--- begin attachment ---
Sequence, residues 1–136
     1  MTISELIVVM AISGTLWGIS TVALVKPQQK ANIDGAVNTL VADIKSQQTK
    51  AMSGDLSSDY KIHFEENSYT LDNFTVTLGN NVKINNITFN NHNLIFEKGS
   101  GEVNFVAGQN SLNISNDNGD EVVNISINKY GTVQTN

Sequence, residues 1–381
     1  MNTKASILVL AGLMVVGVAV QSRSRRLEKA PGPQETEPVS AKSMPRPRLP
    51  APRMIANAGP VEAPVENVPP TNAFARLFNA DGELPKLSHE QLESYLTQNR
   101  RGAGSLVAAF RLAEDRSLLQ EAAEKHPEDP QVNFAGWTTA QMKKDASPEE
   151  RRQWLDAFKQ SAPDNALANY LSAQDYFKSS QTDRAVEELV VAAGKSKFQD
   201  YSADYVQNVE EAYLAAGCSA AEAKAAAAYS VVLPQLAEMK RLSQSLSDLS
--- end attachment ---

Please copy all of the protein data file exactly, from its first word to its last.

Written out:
Sequence, residues 1–136
     1  MTISELIVVM AISGTLWGIS TVALVKPQQK ANIDGAVNTL VADIKSQQTK
    51  AMSGDLSSDY KIHFEENSYT LDNFTVTLGN NVKINNITFN NHNLIFEKGS
   101  GEVNFVAGQN SLNISNDNGD EVVNISINKY GTVQTN

Sequence, residues 1–381
     1  MNTKASILVL AGLMVVGVAV QSRSRRLEKA PGPQETEPVS AKSMPRPRLP
    51  APRMIANAGP VEAPVENVPP TNAFARLFNA DGELPKLSHE QLESYLTQNR
   101  RGAGSLVAAF RLAEDRSLLQ EAAEKHPEDP QVNFAGWTTA QMKKDASPEE
   151  RRQWLDAFKQ SAPDNALANY LSAQDYFKSS QTDRAVEELV VAAGKSKFQD
   201  YSADYVQNVE EAYLAAGCSA AEAKAAAAYS VVLPQLAEMK RLSQSLSDLS